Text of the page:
During all his 11 seasons in the NBA, 7-foot-2 Greg Ostertag had a very specific dream. Although he shared the floor with the best players in the world, none of them shared his vision.
"They laughed at me a little bit, but I just took it all in stride," Greg said. What Greg had in mind was to one day live on a farm.
His wife, Shannon, who's from San Diego, learned of his plan on their very first date. "I feel like if I would've said no, that would've been the end of date number one," she said. "We would've rode the date out," Greg answered. "Ok, we would've finished dinner at least," said Shannon.
Luckily for Greg, she agreed to his farm dream. Eventually, they settled in the small town of Mount Vernon, Texas. Greg quickly noticed the town's rich history was becoming history. "It needed some work," he said. "Buildings needed to be painted and some upkeep and stuff like that. And that's what I told her and I didn't think anything about it."
She couldn't get it off her mind. "I was laying in bed one night and I said to Greg, 'how do you feel about buying the old ML Edwards building?"
"Uh, what," Greg asked. "You wanna buy a what? We, as a team, as a husband and wife, decided to give an effort to help pull this town back."
They started by fixing up a coffee shop on the corner. Then they moved on to the old general store and finally turned one of the town's oldest homes into a charming bed and breakfast.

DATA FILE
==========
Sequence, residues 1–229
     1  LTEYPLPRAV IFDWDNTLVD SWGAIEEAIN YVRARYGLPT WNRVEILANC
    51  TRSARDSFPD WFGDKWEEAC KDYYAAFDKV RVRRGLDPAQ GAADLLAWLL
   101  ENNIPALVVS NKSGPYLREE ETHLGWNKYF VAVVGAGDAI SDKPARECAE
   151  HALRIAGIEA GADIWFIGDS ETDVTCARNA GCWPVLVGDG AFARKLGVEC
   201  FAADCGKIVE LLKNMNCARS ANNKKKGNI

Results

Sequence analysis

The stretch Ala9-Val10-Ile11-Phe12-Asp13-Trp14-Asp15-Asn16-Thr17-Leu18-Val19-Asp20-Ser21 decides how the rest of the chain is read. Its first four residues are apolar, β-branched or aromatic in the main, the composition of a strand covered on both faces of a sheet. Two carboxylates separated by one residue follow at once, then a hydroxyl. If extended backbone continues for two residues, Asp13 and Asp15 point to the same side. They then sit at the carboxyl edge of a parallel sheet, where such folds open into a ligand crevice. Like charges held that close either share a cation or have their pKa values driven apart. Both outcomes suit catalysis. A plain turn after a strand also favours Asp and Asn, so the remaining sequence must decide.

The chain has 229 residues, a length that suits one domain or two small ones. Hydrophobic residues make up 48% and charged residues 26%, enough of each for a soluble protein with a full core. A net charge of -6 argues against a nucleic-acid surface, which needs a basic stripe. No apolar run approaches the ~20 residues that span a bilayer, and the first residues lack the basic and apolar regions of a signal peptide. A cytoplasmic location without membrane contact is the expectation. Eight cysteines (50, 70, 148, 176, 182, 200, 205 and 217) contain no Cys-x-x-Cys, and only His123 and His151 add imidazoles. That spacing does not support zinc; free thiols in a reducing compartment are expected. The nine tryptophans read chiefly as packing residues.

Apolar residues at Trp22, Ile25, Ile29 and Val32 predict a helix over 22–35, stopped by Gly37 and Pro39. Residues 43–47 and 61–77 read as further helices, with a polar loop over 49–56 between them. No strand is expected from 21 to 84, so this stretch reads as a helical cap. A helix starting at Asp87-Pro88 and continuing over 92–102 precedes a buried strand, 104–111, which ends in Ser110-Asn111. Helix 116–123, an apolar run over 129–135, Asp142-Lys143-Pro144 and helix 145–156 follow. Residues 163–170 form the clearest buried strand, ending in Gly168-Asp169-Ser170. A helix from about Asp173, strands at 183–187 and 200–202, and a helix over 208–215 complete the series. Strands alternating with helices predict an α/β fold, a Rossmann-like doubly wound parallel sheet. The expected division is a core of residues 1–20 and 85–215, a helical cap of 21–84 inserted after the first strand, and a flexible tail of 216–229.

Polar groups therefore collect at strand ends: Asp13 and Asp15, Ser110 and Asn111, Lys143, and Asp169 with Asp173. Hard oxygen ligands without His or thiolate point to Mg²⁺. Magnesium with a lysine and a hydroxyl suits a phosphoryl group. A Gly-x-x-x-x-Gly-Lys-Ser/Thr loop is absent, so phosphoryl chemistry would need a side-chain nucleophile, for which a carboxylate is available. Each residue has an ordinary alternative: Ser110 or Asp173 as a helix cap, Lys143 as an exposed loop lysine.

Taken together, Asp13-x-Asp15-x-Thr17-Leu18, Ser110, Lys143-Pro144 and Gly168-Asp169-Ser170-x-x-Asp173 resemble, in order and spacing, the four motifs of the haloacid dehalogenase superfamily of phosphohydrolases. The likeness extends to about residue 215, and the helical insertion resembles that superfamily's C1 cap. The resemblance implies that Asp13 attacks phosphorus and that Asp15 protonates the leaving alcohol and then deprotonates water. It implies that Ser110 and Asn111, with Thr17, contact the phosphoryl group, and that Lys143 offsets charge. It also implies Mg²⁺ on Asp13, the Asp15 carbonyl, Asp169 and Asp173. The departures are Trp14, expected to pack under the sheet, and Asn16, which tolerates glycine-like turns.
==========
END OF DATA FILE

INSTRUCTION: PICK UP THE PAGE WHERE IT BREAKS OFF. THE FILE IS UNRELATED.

Shannon has been the driving force behind it all, while Greg provides comic relief. He was regularly making faces behind Shannon during this interview. It's a wonder they even get work done.
"We don't," Shannon said. "And that's why he's usually not allowed on the jobsite."
Greg and Shannon say they have much more planned for Mount Vernon, but they've already helped give its historic downtown new life. "It's about preserving the history and the stories that are told in that building and it's the ability to be a part of something bigger than yourself," she said.
Greg and Shannon restored the old buildings because they love Mount Vernon, but they say making a difference isn't about what others can see. It's about what you do when only the camera is watching and fittingly, Greg was still making faces in front of the lens.